THE LADYKILLERS OF HUMBER DOUCY LANE
Eastern Angles at The Sir John Mills Theatre
Another helping of seasonal jollity and surreal fun, this time from the pen of Harry Long. Not a spoof on the original, he insists. Perhaps an hommage.
Just as hilarious, and still recognizable, but with a very different feel, not least because the string quartet has now become a troupe of luvvies, putting on their Oscar Wilde as a front for some serious house-breaking. And, unlike their predecessors in the Ealing comedy, these jailbirds are really talented musicians.
Sean Turner’s set is one of the best we’ve seen at this address, with a staircase, and a perilously small upper floor for the little old lady’s easy chair. The upright piano doubles as the counter at the local nick, where weary coppers listen to Mrs Blaine’s imaginative accounts of wrongdoing on Ipswich’s “glorious boulevard”.
She’s wonderfully created by Emma Barclay, who thanks to some smart quick changes and a life-size cardboard alter ego, is also Cow Crusher, the brains of the gang. Todd Heppenstall is a menacing Left Eye, Alex Prescot the stage-struck Smithy – a touch of tap for his Chorus Line moment – as well as Mr Overlock, theatrical costumier. The depressing pessimist Kim, who finally finds love and a crystal chandelier, is played by Keshini Misha, and the strangely named Scar Feet – One Round in the original – is the excellent Daniel Copeland, last seen here, with Long, in Holy Mackerel.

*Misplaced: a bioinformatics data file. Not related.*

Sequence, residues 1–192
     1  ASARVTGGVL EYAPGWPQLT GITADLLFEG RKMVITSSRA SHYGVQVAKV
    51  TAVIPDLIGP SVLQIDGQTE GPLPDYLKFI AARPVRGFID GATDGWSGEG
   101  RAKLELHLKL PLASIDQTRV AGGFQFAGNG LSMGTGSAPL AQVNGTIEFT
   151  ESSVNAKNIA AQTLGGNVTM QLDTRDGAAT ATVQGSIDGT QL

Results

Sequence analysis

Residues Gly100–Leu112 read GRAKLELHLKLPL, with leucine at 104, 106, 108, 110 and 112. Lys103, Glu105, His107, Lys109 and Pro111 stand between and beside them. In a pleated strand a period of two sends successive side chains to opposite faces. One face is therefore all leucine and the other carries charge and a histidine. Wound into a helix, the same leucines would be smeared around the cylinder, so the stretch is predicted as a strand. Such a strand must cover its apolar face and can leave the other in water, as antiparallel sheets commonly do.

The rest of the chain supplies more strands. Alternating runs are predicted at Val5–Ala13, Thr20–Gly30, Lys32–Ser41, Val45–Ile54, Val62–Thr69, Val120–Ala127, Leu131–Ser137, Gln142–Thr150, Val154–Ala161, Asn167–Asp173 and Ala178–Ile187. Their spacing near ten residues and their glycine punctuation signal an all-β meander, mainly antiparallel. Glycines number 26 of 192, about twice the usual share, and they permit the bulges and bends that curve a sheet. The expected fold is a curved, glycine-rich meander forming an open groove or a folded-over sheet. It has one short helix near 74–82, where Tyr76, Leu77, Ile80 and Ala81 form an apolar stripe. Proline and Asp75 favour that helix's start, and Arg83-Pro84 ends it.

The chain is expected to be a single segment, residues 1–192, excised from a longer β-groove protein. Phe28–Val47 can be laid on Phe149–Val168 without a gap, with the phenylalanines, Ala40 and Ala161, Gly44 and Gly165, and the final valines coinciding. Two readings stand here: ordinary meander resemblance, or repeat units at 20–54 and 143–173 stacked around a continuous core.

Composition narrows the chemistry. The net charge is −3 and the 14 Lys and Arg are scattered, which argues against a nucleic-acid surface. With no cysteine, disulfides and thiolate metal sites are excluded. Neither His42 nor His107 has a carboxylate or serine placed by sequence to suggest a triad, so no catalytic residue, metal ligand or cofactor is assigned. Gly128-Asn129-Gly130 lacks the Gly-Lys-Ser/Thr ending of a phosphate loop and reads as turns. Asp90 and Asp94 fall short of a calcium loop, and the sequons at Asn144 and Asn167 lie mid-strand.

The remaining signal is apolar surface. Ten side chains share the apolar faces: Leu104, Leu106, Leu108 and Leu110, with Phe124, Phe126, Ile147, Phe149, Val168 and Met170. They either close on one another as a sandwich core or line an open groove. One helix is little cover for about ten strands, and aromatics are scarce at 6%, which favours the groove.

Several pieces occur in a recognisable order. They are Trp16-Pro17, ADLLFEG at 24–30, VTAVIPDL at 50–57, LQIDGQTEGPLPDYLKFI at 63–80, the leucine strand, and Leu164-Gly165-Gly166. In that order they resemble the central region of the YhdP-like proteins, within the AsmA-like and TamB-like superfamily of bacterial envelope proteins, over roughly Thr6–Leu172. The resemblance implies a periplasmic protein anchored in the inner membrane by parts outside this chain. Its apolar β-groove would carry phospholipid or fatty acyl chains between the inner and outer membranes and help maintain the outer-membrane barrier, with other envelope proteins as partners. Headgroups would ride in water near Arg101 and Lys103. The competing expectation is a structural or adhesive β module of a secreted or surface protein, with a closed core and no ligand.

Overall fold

Dominic Conway’s music includes On the Run, for the five convicts, the title number [“too charming to blame”], and a Les Miz tribute – One Job More – as they prepare for their last heist.
Veteran of the barricades Michael Ball is the subject of an often saucy running gag, Binkie’s friend Gladys makes a last minute cameo appearance on lead guitar, Michael Fish the pet penguin descends in his cage from the flies. There’s an inspired use of Lapsang Souchong, a very nice effect with vintage footlights and some stage curtains, and, as an Act Two warm-up, a chance for the capacity crowd to have their moment of fame in some innovative digital audience participation.
Not perhaps the finest “Yeasty Mangles” vintage, but in Laura Keefe’s fast-paced production, a warming feel-good tipple, enhanced of course by the traditional hot punch and mince pies in the interval.
From Gatacre Road the show travels to Woodbridge in January, and is finally re-located to Orton Brimbles for its Peterborough run.
production photograph: Mike Kwasniak